- Home renovation demand is soaring, and so are the costs to do it, thanks to a new round of tariffs on goods imported from China.
- The latest round hits about $10 billion worth of Chinese products exclusive to homebuilding and remodeling, according to the National Association of Home Builders.
- To start, it is a 10 percent tariff, but then could rise to 25 percent by the end of the year. That would be equivalent to a $2.5 billion tax increase on the industry.
Home renovation demand is soaring, and so are the costs to do it, thanks to a new round of tariffs on goods imported from China.
The latest round hits about $10 billion worth of Chinese products exclusive to homebuilding and remodeling, according to the National Association of Home Builders. The tariff starts at 10 percent, but could rise to 25 percent by the end of the year. That would be equivalent to a $2.5 billion tax increase on the industry.
Contractor Justin Sullivan manages home renovation projects in the Washington, D.C., area and says costs are going up so much so fast that he is doing something he has never done in his more than a decade in the remodeling business.
"Clients and contractors are having to set contracts with escalation clauses for projects that are being scheduled for six months from now, largely because we're not sure how far prices are going to go north," he said.
Sullivan said it is a quick education for new clients, who were already fighting to get projects scheduled, given the high demand and labor shortage. Higher home values have given homeowners more ready cash and more incentive to improve their investment. Now his clients have one more worry.
"It makes them want to do the project more quickly, trying to get it done. Then it's looking at ways to save money that will bring down the costs so the overall budget doesn't increase," he said. "It puts a little bit more pressure on everyone to try and be as diligent about the costs as possible."
Tariffs have already increased the costs of Canadian lumber as well as steel and aluminum imports. The new round adds everything from wall and floorboard to light fixtures, cabinets, heating and cooling equipment, and the tile for bathrooms and backsplashes.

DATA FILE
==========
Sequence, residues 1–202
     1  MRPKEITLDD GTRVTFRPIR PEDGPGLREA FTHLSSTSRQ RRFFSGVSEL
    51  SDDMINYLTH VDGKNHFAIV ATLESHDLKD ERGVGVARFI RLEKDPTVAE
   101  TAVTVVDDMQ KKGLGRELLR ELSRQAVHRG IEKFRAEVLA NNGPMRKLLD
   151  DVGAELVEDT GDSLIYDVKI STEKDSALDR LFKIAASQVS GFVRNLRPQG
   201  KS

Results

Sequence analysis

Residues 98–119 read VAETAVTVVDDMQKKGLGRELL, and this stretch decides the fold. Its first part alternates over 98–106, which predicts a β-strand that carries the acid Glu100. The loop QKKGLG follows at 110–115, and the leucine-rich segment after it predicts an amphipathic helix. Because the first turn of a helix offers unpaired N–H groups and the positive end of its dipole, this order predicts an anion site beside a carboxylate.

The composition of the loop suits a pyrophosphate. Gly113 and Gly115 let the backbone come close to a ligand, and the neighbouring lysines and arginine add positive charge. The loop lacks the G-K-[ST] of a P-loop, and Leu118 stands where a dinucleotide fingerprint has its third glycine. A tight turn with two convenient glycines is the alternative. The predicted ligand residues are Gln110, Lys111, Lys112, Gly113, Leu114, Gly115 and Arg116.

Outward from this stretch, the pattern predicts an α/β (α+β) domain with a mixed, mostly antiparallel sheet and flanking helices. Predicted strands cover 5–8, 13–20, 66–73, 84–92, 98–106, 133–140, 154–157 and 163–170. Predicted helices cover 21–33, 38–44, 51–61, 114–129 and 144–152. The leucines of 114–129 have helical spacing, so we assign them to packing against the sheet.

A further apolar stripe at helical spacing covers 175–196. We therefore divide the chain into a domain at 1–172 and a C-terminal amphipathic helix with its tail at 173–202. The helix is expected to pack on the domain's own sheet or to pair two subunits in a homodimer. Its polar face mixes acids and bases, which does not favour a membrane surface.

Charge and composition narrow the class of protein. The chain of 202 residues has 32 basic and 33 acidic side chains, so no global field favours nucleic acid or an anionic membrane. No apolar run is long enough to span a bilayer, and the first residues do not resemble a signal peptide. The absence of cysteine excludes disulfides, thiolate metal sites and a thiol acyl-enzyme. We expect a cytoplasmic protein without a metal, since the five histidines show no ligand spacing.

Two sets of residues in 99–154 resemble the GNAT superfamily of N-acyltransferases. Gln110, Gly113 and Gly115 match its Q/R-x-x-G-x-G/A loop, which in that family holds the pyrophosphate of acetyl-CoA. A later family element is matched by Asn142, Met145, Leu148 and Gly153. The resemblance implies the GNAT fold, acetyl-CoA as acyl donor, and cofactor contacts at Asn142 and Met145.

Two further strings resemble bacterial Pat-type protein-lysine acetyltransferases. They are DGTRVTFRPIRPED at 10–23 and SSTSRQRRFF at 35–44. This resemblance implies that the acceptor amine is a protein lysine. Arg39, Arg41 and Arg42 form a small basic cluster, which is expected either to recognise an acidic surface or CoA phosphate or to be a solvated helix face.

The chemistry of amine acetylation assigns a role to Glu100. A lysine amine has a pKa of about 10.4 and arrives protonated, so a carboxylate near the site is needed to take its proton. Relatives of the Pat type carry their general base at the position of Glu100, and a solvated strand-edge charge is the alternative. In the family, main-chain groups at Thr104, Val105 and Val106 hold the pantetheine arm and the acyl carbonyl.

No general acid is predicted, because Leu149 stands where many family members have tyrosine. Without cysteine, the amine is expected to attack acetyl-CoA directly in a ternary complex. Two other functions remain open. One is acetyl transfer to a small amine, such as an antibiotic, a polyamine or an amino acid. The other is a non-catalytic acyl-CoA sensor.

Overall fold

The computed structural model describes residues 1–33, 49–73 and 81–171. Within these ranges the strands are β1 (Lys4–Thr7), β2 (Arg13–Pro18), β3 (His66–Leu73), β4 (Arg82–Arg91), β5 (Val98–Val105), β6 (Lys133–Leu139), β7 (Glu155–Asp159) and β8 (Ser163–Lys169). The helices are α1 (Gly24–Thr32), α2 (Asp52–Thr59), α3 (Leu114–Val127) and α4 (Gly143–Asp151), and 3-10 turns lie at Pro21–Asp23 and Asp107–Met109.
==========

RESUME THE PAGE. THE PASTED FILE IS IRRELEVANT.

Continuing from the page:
David Benson is vice president of sales at Maryland-based Architectural Ceramics. He says his prices will go up, especially for mosaic, glass and patterned tile, most of which is not made in the United States.
"It would impact the cost on ceramic and natural stone and glass materials, and it would increase the cost at least 15 to 20 percent of our import duties on those items so costs will go up for sure," said Benson.
The latest tariffs will also impact materials for countertops, like granite, marble and especially quartz. The U.S. Commerce Department just announced the results of an investigation into illegal "dumping" of Chinese quartz into the U.S., finding, "that exporters received countervailable subsidies ranging from 34.38 to 178.45 percent," according to its release.
As a result it will impose import duties on the quartz in addition to tariffs. In 2017, U.S. imports of certain quartz surface products from China were valued at an estimated $460 million, according to the Commerce Department.
That is already increasing quartz prices, just in anticipation of the new duties.
"I know for fact that one of my distributors stopped ordering three quartz colors because prices are jumping high enough so it's not worth it anymore," said Goran Zucik, sales manager at Rockville, Maryland-based Stone & Tile World. "China was producing them by hand and no one can copy the way they were making some colors. Some of my cabinet companies want to use these colors in their remodeled showroom, but I have to tell them that these will not be available."
The move, however, will benefit U.S. quartz-maker Cambria, which filed the complaint with the Commerce Department.
"This determination is the result of the agency's thorough investigation and confirms what the petition alleged—that China has unfairly subsidized quartz surface products to highjack the U.S. market and as a result these unfairly traded imports have flooded the U.S. market," said Marty Davis, president and CEO of Cambria. "This is a critical first step toward restoring a level playing field within our industry, fulfilling the obvious axiom: there is no such thing as free trade without fair trade."
Chinese tile was generally cheaper than U.S.-made tile, so the tariffs will level the playing field for U.S. tile makers, even if it increases costs for consumers.
"There have been three or four manufacturers of porcelain tile right in Tennessee over the past two years that have popped up, so that business will increase, and I think it will help the American market for sure," added Benson.
— CNBC producer Lisa Rizzolo contributed to this report.